https://twitter.com/DrJillStein/status/759142652243644416

            “The bigger problem is that you are trying to paint yourself as a martyr.
            Even after I specifically asked you not to reference what other people
            said about you, you did. So that’s a thing you are just going to keep
            doing. You are also going to keep claiming that the positive reaction
            to a film is all some sort of anti-Catholic bigotry, and when I pointed
            out to you that the Pope was one of the people who thought that
            was a good and accurate film, your reaction was to question the Pope’s
            Catholic credentials. So you come across as a person whose personal
            stance is more important than, you know, evidence.”

            I never meant to play a martyr, and find the accusation pretty hilarious in light of the multiples of people that are all, “YOU TOLD ME TO KILL MYSELF”

            I never claimed any level of expertise or knowledge. As I’ve been repeatedly told, I’m dumb.

            “Then, you posted something about the happy experience you had letting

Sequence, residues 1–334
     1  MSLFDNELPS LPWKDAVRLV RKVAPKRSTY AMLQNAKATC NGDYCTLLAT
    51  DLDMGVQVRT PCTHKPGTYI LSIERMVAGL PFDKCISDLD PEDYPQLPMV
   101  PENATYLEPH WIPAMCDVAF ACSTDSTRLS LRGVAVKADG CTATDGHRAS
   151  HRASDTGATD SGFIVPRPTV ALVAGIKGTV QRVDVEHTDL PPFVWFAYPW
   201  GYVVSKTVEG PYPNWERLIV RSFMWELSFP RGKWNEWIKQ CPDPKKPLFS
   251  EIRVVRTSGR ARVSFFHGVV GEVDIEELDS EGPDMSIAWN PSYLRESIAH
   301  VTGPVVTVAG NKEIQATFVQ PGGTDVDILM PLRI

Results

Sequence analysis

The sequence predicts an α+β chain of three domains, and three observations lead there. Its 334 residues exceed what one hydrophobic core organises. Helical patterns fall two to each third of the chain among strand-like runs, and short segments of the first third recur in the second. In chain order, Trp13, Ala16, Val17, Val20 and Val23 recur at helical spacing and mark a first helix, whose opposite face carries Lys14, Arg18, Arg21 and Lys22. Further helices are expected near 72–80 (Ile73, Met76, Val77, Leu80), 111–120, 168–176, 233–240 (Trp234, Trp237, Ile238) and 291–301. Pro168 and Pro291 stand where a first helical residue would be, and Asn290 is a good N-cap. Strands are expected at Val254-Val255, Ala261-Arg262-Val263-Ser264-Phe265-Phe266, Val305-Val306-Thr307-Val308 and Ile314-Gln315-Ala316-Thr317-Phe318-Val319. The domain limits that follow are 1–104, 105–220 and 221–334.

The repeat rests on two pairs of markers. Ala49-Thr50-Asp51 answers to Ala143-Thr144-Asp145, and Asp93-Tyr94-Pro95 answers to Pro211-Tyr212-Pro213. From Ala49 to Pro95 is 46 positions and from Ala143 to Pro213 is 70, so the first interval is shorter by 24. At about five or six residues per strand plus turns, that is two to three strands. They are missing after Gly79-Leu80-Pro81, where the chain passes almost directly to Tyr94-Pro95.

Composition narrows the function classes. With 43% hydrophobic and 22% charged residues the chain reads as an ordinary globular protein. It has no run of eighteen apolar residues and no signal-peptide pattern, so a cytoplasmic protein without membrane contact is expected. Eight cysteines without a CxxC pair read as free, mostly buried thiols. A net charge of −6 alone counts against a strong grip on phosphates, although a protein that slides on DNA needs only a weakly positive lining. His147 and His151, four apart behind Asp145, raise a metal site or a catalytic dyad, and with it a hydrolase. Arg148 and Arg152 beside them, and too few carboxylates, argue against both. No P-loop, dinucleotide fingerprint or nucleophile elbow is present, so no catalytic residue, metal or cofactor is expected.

people have the taste they had without judging. When called on the fact
            that maybe this is a little hypocritical, you insisted that you only
            had that policy when it came to your family, which is actually a
            different kind of insulting. Only your family are entitled to that
            consideration, I guess? And people who aren’t in your family can die in
            a fire.”

            I was not simply, “called on the fact
            that maybe this is a little hypocritical.” Multiple people that never once posted before came here for the first time (why???), and called me names and were clearly just trying to start a fight with me using and twisting something that I said more than a year ago someplace else.

            It never claimed it was “policy” which soundly weirdly formal. I was just relating an experience from years ago.

            “Only your family are entitled to that